Exercise: A Rx for Good Health
There are two pillars of healthy living. One is eating a balanced diet rich in nutrients and low in sugar and salt. The other is physical activity, and it has more healing power than you may think. In fact, a little exercise could be just what the doctor orders.
“Regular physical activity can be just as effective as a pharmaceutical for treating and preventing many different medical conditions and chronic illnesses,” says Dr. Thomas Best, a sports medicine specialist at the University of Miami Sports Medicine Institute.
As a member of the advisory board for the American College of Sports Medicine health initiative “Exercise is Medicine®,” Dr. Best works to spread awareness on the importance of physical activity assessment and promotion in all aspects of clinical care. He often prescribes exercise to patients, both for treatment and prevention of chronic diseases.
An exercise prescription just for you
Exercise helps prevent a variety of different cancers, including bladder, lung, kidney, colon, and breast, according to the US Office of Disease Prevention and Health Promotion. Evidence shows that physical activity helps decrease pain, improve cognition, and reduce depression and anxiety symptoms.
They recommend that adults need at least 2.5 hours of moderate-intensity aerobic exercise like brisk walking per week. Adults should also do two days of strength training like push-ups to gain the most health benefits from exercise per week.
“These guidelines are important for everyone to follow, including our children,” says Dr. Best, “But, we can also prescribe a condition-specific exercise routine for maximum health outcomes. For example, someone with depression may benefit from yoga and Pilates, whereas someone with COPD may benefit more from high intensity interval training.”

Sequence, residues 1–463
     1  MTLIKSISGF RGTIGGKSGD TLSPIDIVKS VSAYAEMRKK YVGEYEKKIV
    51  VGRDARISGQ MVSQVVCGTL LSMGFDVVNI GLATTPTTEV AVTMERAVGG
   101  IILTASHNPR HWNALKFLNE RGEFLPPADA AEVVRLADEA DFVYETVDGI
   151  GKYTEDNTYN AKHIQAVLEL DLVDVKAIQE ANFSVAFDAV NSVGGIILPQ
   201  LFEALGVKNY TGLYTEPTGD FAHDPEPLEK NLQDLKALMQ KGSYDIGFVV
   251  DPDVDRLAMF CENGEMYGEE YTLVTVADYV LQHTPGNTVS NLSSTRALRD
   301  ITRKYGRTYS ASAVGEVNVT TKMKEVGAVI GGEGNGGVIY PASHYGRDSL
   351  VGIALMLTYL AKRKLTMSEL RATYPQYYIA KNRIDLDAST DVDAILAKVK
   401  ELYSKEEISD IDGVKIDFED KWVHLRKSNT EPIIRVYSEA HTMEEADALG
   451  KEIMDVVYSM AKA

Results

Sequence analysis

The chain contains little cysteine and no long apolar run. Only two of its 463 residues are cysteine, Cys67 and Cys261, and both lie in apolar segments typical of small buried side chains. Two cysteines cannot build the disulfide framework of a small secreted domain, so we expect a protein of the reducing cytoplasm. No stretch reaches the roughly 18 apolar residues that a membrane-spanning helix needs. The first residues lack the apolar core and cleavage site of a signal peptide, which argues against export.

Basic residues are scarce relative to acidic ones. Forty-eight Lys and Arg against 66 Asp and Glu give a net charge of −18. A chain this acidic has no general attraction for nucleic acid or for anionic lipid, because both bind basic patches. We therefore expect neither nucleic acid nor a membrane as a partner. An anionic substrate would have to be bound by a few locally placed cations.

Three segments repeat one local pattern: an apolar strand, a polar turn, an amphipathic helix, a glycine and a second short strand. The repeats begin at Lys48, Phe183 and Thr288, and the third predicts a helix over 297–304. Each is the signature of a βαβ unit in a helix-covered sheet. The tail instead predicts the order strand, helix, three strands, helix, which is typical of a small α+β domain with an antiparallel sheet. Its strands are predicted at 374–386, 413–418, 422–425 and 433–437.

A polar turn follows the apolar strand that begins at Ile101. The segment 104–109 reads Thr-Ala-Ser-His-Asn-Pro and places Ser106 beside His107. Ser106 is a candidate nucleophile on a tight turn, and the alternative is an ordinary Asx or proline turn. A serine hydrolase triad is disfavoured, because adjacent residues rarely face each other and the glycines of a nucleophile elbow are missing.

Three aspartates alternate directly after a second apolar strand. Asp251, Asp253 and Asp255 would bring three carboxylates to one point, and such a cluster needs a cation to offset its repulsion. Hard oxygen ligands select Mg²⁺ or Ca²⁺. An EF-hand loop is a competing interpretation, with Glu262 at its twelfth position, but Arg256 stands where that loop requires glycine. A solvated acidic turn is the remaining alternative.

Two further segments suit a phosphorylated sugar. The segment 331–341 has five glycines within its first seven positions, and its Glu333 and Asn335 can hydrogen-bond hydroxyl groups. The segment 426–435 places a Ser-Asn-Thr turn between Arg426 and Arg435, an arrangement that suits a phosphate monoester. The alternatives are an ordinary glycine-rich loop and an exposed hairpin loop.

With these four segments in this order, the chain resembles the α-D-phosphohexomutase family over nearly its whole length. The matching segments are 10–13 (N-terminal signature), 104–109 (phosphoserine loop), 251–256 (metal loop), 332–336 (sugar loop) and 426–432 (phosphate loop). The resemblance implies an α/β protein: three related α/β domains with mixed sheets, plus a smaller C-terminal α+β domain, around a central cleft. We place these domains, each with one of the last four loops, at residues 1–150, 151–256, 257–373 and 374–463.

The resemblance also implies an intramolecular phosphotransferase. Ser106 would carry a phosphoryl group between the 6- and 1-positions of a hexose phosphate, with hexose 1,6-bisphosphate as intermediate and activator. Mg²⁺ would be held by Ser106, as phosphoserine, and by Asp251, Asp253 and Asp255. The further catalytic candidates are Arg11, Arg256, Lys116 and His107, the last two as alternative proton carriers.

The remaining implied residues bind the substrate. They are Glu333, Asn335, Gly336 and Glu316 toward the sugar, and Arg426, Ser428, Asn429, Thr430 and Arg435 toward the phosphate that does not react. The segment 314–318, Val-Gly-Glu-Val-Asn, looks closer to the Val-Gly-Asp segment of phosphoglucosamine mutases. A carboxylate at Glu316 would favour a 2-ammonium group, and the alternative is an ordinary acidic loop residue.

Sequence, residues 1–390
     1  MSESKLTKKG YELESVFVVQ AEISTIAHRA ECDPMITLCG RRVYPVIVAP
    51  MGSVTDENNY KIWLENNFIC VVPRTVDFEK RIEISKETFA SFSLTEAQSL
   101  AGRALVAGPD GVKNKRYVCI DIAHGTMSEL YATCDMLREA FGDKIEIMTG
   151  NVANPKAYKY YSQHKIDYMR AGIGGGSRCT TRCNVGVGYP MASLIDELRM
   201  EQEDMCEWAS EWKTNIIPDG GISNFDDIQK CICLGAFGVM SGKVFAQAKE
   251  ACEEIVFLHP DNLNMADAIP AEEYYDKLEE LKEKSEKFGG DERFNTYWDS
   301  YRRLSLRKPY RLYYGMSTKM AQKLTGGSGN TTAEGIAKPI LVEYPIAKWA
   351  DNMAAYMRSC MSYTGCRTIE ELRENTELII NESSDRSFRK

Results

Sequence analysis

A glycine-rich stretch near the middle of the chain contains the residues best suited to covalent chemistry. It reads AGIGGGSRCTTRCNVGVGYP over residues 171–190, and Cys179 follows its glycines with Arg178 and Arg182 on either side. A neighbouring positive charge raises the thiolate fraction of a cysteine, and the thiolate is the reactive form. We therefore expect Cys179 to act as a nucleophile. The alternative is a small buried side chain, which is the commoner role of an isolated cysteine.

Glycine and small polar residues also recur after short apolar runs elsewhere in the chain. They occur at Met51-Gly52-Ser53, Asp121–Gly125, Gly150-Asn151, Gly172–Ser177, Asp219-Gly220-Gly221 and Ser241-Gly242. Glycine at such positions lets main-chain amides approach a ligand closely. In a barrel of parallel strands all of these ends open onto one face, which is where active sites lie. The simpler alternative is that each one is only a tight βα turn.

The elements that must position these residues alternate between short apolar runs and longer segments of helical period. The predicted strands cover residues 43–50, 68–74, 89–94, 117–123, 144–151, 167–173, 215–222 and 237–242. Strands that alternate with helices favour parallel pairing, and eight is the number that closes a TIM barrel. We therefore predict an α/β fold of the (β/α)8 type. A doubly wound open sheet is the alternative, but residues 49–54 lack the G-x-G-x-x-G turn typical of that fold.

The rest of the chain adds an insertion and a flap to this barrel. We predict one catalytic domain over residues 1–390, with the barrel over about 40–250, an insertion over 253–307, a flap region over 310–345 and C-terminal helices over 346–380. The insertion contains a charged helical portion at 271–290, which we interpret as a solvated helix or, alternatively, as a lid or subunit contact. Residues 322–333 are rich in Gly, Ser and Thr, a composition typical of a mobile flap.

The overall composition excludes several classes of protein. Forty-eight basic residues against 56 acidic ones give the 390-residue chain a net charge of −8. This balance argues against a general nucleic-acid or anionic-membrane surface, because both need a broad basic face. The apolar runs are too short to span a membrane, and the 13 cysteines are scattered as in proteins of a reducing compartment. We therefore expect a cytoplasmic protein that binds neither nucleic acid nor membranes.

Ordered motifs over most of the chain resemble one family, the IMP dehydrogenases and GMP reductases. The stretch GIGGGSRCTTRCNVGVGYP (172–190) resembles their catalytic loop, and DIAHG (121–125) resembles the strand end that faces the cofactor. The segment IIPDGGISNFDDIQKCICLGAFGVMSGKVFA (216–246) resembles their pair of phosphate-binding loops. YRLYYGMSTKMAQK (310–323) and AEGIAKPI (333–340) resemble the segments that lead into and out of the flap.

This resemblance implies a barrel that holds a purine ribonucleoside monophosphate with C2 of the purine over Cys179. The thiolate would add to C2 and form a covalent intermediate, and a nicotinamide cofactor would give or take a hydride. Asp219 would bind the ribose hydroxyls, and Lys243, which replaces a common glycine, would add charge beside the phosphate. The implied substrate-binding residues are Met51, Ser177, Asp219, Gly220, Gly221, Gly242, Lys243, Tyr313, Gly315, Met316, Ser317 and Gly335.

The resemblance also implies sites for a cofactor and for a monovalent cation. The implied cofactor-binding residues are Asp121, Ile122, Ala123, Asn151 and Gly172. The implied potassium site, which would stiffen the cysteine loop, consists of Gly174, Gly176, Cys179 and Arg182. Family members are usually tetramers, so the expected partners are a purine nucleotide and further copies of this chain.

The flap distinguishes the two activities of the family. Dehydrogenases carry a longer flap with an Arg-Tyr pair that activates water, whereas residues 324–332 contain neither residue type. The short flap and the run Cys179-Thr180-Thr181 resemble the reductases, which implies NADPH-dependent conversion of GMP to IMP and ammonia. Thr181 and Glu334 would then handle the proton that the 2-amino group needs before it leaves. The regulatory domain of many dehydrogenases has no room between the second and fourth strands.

Get moving, under the care of a doctor
Regardless of your physical limitations, any physical activity is better than being a couch potato.
“There are lots of different ways to incorporate physical activity in your treatment plan,” says Dr. Best. “It’s important that you consult your physician first so they can advise you on what is safe.”
If you are taking medications, ask your doctor if they could affect your ability to start a workout routine. For instance, some patients with depression take medications that could cause dizziness, so caution should be exercised. Also, patients with certain illnesses may see benefits from one type of exercise, but worsened symptoms from another type.
If you have asthma, being active may reduce the frequency and severity of attacks. But, the Exercise is Medicine® “prescription” for asthma says, “If the Air Quality Index (AQI) is in the moderate to unhealthy range (> 50), try an indoor activity.”
Natasha Bright is a contributing writer for UMiami Health News. You may have read her writing on the Huffington Post and Scary Mommy websites.